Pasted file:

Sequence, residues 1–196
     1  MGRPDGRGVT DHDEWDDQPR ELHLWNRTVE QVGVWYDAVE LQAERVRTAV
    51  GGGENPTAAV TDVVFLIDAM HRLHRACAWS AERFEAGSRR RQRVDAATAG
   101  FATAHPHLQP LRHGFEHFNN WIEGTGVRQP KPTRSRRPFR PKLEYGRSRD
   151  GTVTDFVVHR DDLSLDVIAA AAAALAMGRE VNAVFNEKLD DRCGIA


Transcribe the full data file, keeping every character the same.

Sequence, residues 1–196
     1  MGRPDGRGVT DHDEWDDQPR ELHLWNRTVE QVGVWYDAVE LQAERVRTAV
    51  GGGENPTAAV TDVVFLIDAM HRLHRACAWS AERFEAGSRR RQRVDAATAG
   101  FATAHPHLQP LRHGFEHFNN WIEGTGVRQP KPTRSRRPFR PKLEYGRSRD
   151  GTVTDFVVHR DDLSLDVIAA AAAALAMGRE VNAVFNEKLD DRCGIA